The Fertilizer Mistake That Can Spell Doom For Your Daffodils

The Fertilizer Mistake That Can Spell Doom For Your Daffodils

When it comes to fertilizing plants, especially flowering ones like daffodils, it is essential to understand that not all fertilizers are created equal. There are different types of fertilizers that vary in nutrient composition, release mechanisms, and intended purposes for the given plants. Fertilizers come in different formulations with varying nitrogen, phosphorus, and potassium ratios, each serving distinct roles in plant development. The release mechanisms can differ, with options such as quick-release and slow-release fertilizers affecting the duration and timing of nutrient availability. Organic and synthetic fertilizers are also distinct in their environmental impact and nutrient release patterns.

Therefore, selecting the right fertilizer involves considering the plants’ specific needs, the stage of growth, and environmental factors to ensure optimal results. This is especially true when it comes to daffodils. Choosing a fertilizer that is too high in nitrogen, for example, will result in undesirable growth for your daffodils.

Nitrogen acts as a growth stimulant, fueling robust foliage in plants. While some is necessary for healthy plant development, excess nitrogen in the soil can result in disappointing daffodils. Daffodils specifically benefit more from a fertilizer with higher potassium and phosphorus content. A fertilizer richer in potassium and phosphorus ensures daffodils allocate their energy effectively, leading to beautifully blooming daffodils in your flower garden.

It’s best to start with a soil test to determine what’s missing, if anything, before amending the soil with anything.

Why to avoid nitrogen-heavy fertilizers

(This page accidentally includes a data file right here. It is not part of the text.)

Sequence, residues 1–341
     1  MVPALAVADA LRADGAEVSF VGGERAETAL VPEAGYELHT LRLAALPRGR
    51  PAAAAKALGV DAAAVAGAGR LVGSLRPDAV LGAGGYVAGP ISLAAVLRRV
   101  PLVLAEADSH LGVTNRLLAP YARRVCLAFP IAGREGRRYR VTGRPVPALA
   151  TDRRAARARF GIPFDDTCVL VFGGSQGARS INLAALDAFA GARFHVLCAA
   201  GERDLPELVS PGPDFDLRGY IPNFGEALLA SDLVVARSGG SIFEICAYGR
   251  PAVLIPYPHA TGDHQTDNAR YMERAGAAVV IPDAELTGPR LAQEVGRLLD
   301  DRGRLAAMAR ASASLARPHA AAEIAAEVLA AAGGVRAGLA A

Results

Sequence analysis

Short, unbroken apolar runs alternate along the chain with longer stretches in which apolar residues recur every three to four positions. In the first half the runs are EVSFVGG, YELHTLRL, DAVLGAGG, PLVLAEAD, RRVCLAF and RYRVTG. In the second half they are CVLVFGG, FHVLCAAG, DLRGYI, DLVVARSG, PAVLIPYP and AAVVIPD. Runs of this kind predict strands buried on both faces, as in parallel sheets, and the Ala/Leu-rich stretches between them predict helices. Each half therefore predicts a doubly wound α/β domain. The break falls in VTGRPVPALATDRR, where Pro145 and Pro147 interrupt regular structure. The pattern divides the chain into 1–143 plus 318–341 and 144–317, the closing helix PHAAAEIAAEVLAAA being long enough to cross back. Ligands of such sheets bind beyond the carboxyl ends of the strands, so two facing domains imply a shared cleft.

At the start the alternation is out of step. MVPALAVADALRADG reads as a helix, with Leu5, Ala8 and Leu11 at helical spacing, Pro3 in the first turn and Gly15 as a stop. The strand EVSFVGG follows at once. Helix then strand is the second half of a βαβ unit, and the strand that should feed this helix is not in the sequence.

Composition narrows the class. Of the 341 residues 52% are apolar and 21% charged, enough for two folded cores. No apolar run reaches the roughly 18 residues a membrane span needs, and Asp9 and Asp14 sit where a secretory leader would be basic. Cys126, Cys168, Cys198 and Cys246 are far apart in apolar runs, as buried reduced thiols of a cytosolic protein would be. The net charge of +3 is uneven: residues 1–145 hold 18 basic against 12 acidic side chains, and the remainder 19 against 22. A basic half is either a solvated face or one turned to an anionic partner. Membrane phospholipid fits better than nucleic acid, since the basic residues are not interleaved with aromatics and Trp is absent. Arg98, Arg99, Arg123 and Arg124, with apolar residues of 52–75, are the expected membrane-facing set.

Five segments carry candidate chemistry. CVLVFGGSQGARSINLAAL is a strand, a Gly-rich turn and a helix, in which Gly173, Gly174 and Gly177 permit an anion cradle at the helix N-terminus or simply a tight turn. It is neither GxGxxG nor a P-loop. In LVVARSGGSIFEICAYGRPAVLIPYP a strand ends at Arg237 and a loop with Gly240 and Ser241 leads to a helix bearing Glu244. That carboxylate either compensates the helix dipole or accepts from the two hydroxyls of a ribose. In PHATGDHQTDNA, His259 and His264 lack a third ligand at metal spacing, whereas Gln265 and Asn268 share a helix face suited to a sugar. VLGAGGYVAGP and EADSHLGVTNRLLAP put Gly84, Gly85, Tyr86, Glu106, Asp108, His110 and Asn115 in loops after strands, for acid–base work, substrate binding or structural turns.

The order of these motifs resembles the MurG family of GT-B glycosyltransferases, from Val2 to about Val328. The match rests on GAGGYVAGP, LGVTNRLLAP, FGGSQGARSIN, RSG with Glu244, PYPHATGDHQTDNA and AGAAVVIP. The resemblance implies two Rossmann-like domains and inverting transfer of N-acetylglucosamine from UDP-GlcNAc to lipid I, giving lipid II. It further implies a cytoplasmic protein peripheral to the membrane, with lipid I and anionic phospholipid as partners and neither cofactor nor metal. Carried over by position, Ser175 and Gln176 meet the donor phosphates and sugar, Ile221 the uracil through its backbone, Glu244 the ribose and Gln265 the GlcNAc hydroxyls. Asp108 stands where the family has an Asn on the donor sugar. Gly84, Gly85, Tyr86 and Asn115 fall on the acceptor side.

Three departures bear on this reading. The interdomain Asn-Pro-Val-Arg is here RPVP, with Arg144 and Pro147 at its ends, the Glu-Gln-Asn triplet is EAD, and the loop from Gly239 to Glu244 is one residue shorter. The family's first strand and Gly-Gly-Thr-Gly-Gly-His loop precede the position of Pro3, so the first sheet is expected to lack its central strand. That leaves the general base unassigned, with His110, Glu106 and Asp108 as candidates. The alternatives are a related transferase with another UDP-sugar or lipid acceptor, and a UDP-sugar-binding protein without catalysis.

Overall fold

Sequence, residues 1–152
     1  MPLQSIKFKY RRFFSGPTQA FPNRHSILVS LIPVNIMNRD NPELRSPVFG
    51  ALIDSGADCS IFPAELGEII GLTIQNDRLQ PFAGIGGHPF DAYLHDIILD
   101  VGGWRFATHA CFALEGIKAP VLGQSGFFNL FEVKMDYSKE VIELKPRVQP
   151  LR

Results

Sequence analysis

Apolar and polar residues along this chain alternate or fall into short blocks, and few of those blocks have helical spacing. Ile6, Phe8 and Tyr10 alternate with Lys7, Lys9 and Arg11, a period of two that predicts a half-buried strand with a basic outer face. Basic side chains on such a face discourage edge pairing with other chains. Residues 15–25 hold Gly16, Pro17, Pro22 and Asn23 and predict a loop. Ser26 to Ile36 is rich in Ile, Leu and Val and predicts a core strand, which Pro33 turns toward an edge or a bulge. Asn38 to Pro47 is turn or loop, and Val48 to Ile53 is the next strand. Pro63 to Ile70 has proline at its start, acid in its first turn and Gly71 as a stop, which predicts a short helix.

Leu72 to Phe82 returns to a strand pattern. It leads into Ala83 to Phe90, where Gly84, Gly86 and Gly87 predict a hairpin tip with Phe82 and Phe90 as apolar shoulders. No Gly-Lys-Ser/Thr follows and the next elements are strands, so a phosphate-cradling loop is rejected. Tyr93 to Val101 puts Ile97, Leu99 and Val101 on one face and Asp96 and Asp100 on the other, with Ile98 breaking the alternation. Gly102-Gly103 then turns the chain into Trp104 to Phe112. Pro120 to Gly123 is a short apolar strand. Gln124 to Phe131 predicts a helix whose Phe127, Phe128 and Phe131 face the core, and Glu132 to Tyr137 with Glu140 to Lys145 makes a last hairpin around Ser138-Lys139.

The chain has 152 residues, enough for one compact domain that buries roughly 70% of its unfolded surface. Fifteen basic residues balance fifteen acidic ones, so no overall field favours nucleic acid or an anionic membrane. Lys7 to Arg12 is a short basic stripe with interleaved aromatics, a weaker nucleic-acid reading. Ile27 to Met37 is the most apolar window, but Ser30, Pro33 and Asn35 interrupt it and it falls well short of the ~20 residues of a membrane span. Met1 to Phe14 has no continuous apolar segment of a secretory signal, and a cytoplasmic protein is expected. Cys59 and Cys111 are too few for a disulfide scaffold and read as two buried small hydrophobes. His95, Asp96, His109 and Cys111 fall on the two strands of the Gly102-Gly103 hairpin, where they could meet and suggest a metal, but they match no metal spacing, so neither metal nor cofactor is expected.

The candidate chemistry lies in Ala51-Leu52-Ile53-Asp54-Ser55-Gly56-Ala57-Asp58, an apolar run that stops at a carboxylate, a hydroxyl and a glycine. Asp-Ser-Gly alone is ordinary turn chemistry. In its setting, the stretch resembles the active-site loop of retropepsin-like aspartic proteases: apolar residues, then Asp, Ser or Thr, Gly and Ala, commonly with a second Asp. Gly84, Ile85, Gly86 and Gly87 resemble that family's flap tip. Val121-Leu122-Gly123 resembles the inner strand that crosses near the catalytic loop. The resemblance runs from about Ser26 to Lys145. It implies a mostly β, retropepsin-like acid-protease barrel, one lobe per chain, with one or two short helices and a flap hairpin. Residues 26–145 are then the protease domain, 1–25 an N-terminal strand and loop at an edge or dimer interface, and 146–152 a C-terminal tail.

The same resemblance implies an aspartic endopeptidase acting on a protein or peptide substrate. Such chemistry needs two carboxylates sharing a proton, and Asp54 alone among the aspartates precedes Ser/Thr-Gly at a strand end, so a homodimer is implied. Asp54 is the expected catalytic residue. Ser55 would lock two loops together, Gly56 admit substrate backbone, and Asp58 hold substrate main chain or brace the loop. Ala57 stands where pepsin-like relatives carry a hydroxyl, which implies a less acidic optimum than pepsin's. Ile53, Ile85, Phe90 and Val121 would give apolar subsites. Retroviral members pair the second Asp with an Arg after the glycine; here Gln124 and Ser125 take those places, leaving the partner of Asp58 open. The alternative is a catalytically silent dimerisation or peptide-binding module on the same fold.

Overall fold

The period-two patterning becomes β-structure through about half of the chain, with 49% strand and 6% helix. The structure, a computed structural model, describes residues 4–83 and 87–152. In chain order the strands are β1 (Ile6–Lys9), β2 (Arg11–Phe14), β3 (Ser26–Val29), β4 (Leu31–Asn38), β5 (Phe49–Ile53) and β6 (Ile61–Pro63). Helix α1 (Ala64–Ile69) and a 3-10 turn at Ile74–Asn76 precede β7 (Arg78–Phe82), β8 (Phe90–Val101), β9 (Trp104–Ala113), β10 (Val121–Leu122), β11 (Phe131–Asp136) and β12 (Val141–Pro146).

Woman waters pot of daffodils

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First, an overabundance of nitrogen can lead to an imbalance in nutrient uptake. Daffodils, being bulbous plants, allocate energy differently than other types of vegetation. Excessive nitrogen encourages rapid foliage growth at the expense of bulb development. This diversion of energy may result in reduced flower production and weakened bulbs, diminishing the overall health and vigor of the daffodil plants.

Furthermore, high nitrogen levels in the soil can make plants more susceptible to diseases and pests. The lush, tender foliage that develops in response to elevated nitrogen becomes an attractive target for various pathogens and insects. Diseases such as fungal infections and pests like aphids are more likely to thrive in this nutrient-rich environment, posing a further threat to the well-being of the daffodils.

In addition, nitrogen-heavy fertilizers can disrupt the natural ecological balance in the soil. Beneficial microorganisms that contribute to nutrient cycling may be adversely affected, leading to long-term soil health issues. Ultimately, while nitrogen is crucial for plant growth, an excess of it can disrupt the delicate equilibrium required for daffodils to flourish.

Which fertilizers to buy for daffodils

Hands hold daffodil bulbs


When planting daffodils, a ratio of 3-6-6 or 5-10-10 can be incorporated into the soil, doing so without directly touching the bulbs. The soil around the daffodils can be fertilized again as leaves emerge and once more as they begin to flower, each time with a low or zero dose of nitrogen.

In terms of types of fertilizer, it is recommended to use an organic slow-release fertilizer for daffodils as it provides a steady supply of nutrients over an extended period, promoting sustained growth without the risk of over-fertilization. Examples of natural fertilizers are bone meal or well-rotted manure. While the former can be purchased on Amazon for under $13, you can always check with your local nursery or hardware store for their recommendations for your garden and climate.

Additionally, it’s best to fertilize the flowers once more after they’ve bloomed in order to encourage the bulbs to absorb essential nutrients for the following year. This will help prepare your bulbs for winter and a strong start next spring. One final step that’ll also help is to deadhead your daffodils once the flowers die in order to redirect the plant’s energy back to the bulb, rather than seeding.

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Dr Heidi Parkes

By Dr Heidi Parkes

Senior Information Extension Officer QLD Dept of Agriculture & Fisheries.